The global standards for codifying and reporting on emissions have expanded. Nearly all sources of GHG emissions fall under three different categories, Scopes 1 through 3. Companies need to understand what elements of their business to report and what to measure. Currently, only Scope 1 and 2 are mandatory to report, but soon Scope 3 emissions may also be required. So what is the difference between the three? 

Scope 1

Scope 1 refers to the emissions that come from facilities or equipment under the company’s direct control. Generally, this is defined as the CO2 from fuel combustion, like from vehicles or boilers. Any fuel that creates a GHG gas must be reported as a scope 1 emission. These emissions are neither upstream nor downstream, but the most visible carbon that a company produces. Other sources of Scope 1 include escaping greenhouse gases and process emissions. Both of these tend to come from stationary production, like factory fumes and air conditioning units. Scope 1 emissions are currently mandatory to report.

Scope 2

Scope 2 is very narrow in definition – it includes GHG emissions exclusively from the purchase of energy. This tends to cover heating, cooling, and the general consumption of electricity. Energy production amounts to roughly 40% of greenhouse gas emissions, while half of those emissions are specifically industrial or commercial. These emissions are indirect, in that they come from the utility provider. Nevertheless, with energy prices on the rise and emission controls tightening, companies must learn how to limit their energy consumption. Future Bridge has created an overview of some methods a business can use to limit power use. Similar to Scope 1, Scope 2 emissions must be reported. 

Scope 3

Scope 3 covers the various indirect, upstream, and downstream sources of CO2 emissions. Upstream sources vary from business to business but can include travel and commuting. The general waste created during operations is also included in Scope 3. This is a result of wastewater treatment and garbage disposal creating some GHG gasses. The transportation of goods can be both upstream and downstream, depending on the situation. Third-party warehousing falls into the downstream category, together with investments, franchises, and leased assets. While it is not yet mandatory, companies should already investigate how to measure and report these emissions. Identifying GHG hotspots in a value chain is vital to start developing a carbon footprint reduction plan.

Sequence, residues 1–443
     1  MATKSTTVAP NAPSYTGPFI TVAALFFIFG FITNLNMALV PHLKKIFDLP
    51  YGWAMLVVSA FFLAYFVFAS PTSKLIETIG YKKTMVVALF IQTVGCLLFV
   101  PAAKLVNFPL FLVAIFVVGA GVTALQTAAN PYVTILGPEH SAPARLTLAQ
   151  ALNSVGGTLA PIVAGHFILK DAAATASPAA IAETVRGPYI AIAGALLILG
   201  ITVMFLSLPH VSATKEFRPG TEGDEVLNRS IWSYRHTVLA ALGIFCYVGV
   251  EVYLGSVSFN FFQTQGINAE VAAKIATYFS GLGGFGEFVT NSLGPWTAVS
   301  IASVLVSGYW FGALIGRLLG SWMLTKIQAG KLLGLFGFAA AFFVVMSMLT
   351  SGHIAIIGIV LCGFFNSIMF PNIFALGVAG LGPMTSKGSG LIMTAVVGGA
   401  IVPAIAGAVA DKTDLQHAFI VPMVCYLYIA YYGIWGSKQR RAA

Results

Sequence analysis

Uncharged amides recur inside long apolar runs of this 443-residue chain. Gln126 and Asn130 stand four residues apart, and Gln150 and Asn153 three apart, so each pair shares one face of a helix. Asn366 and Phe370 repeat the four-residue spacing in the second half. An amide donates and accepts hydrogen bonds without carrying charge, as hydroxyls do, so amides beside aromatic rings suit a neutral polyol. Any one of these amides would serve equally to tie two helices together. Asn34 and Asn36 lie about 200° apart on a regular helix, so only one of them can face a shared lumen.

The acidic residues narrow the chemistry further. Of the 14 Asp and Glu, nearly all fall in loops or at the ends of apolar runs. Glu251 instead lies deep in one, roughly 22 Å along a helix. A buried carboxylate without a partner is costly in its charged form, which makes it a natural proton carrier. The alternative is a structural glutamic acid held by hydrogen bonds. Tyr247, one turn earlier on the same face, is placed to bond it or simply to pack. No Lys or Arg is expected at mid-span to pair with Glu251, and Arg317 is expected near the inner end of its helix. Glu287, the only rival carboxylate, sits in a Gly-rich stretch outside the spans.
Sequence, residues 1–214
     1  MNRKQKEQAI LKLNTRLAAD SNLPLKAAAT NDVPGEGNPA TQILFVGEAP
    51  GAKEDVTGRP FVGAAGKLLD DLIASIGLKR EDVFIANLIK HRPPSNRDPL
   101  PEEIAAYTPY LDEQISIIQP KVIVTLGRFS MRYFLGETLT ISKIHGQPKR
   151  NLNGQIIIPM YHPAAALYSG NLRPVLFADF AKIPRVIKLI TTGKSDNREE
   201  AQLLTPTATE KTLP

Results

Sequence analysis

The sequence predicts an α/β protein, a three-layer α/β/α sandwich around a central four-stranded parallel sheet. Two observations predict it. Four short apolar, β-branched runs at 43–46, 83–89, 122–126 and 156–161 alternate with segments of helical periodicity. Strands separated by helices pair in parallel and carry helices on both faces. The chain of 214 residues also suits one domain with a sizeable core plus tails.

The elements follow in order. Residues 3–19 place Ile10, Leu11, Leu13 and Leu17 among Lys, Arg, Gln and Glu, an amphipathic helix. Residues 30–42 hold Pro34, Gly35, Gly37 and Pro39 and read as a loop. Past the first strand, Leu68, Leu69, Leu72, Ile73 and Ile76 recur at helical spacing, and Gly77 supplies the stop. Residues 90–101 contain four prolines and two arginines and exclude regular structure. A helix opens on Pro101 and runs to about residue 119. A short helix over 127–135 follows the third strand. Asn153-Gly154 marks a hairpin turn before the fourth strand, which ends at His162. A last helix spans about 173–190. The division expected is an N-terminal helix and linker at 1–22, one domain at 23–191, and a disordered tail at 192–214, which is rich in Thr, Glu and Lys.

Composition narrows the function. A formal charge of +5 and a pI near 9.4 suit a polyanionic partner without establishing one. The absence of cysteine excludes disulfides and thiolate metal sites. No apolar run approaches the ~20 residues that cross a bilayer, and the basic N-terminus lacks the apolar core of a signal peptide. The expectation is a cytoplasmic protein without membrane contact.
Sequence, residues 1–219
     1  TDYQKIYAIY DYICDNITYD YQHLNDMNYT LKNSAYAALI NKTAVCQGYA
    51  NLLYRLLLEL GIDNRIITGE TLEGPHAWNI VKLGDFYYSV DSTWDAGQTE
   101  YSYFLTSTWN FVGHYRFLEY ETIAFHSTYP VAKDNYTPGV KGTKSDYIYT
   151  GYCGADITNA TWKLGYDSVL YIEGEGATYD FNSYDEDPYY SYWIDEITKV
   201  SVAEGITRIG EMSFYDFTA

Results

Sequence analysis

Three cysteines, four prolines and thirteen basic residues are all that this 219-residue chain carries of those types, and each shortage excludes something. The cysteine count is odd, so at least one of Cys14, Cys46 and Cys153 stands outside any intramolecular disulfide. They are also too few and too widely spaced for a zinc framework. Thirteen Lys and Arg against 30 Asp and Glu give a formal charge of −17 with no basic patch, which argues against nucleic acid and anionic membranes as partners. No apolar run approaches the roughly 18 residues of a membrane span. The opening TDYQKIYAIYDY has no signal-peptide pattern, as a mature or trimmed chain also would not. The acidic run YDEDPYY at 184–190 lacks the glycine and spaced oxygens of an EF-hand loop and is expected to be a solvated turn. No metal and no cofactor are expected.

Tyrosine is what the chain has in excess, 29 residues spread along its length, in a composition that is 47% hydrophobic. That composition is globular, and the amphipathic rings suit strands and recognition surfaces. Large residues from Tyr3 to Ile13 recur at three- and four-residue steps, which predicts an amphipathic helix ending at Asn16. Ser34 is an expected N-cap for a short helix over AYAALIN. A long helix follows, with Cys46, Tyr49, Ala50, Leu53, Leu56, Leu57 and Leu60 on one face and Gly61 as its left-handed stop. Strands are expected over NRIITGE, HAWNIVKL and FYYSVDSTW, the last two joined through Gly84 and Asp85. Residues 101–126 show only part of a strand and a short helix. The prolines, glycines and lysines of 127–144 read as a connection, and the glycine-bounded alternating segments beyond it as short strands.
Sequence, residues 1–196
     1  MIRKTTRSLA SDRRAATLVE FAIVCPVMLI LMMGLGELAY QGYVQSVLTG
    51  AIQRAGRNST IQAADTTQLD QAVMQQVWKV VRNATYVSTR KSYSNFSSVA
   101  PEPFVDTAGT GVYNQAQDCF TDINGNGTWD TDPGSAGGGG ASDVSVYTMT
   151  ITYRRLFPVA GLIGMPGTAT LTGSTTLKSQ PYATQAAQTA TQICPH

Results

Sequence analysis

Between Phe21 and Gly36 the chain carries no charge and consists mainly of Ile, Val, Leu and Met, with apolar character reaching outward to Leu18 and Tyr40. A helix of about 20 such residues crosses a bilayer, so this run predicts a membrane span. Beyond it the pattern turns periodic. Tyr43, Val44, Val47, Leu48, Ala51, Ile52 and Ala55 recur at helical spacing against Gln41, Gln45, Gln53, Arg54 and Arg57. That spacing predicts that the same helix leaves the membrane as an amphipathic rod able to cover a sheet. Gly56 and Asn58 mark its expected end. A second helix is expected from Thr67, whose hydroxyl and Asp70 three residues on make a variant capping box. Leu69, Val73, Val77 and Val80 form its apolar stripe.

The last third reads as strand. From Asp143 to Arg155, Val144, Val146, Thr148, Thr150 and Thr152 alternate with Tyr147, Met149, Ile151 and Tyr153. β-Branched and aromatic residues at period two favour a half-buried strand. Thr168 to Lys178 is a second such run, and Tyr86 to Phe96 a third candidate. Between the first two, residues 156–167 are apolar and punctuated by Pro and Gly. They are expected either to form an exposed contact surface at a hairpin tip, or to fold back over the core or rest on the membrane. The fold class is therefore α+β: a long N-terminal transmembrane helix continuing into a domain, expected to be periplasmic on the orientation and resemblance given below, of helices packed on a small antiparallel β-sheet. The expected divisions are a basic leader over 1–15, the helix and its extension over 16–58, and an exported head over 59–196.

When do companies need to have their Scope 3 strategy in place?

As of this October, the The International Sustainability Standards Board has voted to make Scope 3 emissions reporting mandatory. There is not yet a precise date given, but an ISSB spokesperson stated that the rules should be finalized by early 2023. To help companies through the transition, there will be relief provisions, which could include time extensions for reporting. Regardless, by the end of 2023, companies will be required to report on all three areas. 

What should companies know?

Companies are going to come under more and more scrutiny for their GHG emissions. As the definitions and regulatory framework shift, the burden of reporting will also expand. Businesses need to keep track of laws and regulations to avoid the risks of fraud and greenwashing allegations. Even now, governments and consumer protection agencies are vigilantly investigating a company’s “green” claims. A tried and true approach would be to connect with peers to learn from existing experience with emissions reporting.

The Global Summit on Scope 3 Emissions Reduction will bring together key industry experts to learn more about reporting strategies & carbon data management in a small-scale, industry-driven event, on 20-21st April 2023 in Amsterdam, the Netherlands. The two-day, hybrid event will feature in-depth case studies of supply chain transformation, carbon accounting, and networking breaks dedicated to exchanging insights and expertise on tackling Scope 3 emissions. Visit or follow us on our social media to track other energy use and decarbonization events.

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